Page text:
Yet we can never be self righteous. Jesus related that the tax collector who stood at a distance and prayed, “Have mercy on me, a sinner” was justified, not the Pharisee who was proud of how he kept the law. (Luke 18:13) We so badly want to feel superior and tell someone that they aren’t committed enough if their commitment doesn’t look like ours. But we need to be careful. There is always someone more committed — someone who has given away all their material possessions, someone who is devoted to service, someone who is saving souls right and left.
Instead, we need to practice Romans 14:1, “Accept the one whose faith is weak, without quarreling over disputable matters.” There is a place for the sister who is committed, but weak. Encourage her, and give space for her to grow and for God to work. (Phil 1:6, Romans 14:4)
Timothy summed this all up so well. He started by saying in II Timothy 2:15, “Do your best to present yourself to God as one approved, a worker who does not need to be ashamed and who correctly handles the word of truth.” and then went on to pronounce:
Going back to today’s reading, what did Jesus do when he was faced with religious disputing? You know, you would think that when Jesus appeared, he would have waded in the argument and set the teachers of the law straight. Instead, it seems like he got onto the apostles for not being able to heal the boy, “You unbelieving generation. How long must I put up with you?” (Mark 9:19)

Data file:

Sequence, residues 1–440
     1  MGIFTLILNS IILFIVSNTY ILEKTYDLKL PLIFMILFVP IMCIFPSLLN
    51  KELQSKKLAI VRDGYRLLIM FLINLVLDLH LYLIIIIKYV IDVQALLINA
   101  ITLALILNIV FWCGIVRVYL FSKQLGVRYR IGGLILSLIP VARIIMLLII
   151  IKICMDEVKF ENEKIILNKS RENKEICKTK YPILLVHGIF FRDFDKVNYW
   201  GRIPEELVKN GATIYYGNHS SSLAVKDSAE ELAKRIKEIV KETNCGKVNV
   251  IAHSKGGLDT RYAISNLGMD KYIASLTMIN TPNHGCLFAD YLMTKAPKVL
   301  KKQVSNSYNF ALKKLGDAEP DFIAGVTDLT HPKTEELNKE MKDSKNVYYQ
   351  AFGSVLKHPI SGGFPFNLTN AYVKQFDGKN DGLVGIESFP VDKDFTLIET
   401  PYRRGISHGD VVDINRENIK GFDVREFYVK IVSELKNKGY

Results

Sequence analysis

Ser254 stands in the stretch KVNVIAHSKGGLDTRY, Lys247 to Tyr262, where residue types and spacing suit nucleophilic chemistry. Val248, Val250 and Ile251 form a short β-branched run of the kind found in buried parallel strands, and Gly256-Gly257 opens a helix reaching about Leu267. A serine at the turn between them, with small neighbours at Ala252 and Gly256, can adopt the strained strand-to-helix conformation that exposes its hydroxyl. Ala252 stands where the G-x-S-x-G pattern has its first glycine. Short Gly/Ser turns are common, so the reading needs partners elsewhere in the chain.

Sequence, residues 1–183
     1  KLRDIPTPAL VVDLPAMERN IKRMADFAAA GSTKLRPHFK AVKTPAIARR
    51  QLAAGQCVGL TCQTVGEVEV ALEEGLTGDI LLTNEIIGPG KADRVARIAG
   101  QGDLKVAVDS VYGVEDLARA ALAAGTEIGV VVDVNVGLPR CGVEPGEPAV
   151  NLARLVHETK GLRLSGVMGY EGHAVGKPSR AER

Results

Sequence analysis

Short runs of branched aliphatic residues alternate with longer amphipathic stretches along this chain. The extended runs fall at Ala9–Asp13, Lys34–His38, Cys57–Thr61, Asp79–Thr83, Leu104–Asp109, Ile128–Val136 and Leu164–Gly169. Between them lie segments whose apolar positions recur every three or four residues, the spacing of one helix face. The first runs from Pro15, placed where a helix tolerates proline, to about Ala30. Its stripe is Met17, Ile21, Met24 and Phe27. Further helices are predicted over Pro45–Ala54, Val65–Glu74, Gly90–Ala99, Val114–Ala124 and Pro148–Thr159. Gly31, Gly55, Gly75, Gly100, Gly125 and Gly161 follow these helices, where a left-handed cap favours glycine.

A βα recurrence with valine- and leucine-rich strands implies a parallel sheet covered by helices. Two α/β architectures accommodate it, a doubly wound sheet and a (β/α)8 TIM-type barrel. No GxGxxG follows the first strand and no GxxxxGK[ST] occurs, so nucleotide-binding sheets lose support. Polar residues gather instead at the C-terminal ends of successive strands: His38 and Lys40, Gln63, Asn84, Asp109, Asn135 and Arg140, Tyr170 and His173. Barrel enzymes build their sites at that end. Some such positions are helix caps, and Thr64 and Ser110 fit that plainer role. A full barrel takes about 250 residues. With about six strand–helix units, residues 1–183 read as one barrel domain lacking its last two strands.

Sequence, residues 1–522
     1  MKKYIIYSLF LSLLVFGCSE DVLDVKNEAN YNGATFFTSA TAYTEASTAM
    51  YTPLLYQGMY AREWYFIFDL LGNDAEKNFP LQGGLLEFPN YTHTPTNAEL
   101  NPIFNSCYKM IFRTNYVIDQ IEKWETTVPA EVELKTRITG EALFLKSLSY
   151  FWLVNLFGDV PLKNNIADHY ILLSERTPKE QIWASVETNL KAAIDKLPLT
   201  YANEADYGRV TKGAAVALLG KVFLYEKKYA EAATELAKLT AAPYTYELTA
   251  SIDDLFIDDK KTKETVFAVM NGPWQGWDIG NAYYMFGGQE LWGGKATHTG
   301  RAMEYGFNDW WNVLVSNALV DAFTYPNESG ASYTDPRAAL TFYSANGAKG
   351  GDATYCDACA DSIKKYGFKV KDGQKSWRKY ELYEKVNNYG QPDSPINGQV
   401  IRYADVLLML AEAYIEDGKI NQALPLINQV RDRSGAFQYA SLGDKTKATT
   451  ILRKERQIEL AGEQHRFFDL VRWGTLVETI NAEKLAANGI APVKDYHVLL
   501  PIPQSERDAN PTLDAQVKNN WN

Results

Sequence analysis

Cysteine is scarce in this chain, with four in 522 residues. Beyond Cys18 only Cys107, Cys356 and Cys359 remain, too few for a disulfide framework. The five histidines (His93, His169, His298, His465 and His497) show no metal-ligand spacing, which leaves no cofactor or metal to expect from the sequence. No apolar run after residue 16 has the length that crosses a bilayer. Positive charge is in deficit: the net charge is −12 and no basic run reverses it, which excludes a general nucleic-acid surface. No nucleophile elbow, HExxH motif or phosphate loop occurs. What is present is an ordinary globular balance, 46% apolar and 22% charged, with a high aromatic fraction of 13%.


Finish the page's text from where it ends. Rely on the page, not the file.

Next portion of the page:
I think this shows us that Jesus expects that our focus should be solely on God. He was looking for faith, the vertical relationship. But his apostles ended up getting tangled in horizontal interactions. How would it have been different if they had looked to God when things didn’t go as planned? What if they had said, “Hmmm, this didn’t work, so let’s pray more and seek the Lord about this?”
I say this because I can relate. I’m trying to remember to look to God. But often, when things are challenging, I start reaching for any safety strap I can find. I get bent out of shape. It goes better when I think, “Wow, this is tough. What’s going on, God? What do I need to learn? What do I need to do differently? How can I trust?”
So let’s sum this all up. What can you do if you are faced with a difference of opinion regarding a religious matter?
- Take time to take the matter before the Lord in careful prayer.
- Be humble. Listen and try to understand the other person’s position. Don’t be self righteous.
- Look to your own righteousness before God. Do you have a log in your eye that you need to remove before you address the speck from someone else’s eye?
- Decide if the scriptures are clear cut on the issue. It is a disputable matter or a salvation issue? Does it regard a sin a person needs to repent of immediately, or is it an area in which they need to grow?
- If you do have a clear scriptural principle to defend, stand up for it! But do so without quarreling. Be respectful. Treat others as you would want to be treated.
May our dream be, as Christ’s was, that we all may be unified!! “How good and pleasant it is when God’s people live together in unity!” (Ps 133:1)
I think it is totally good and pleasant in our church! I love that we are like family. Here are a few recent pictures.
But we’ve had to work for our unity.
Some say that unity will only happen when everyone lives by the scriptures.
But I say that unity will only happen when we obey the scriptures, pray for wisdom, and have open honest discussions in respect and humility.
Discussion is vital. And that means that Satan would like to cut off all discussion, or make it unproductive.
The great tragedy is that he often succeeds.
The great victory is that we can vanquish him by living in truth and grace.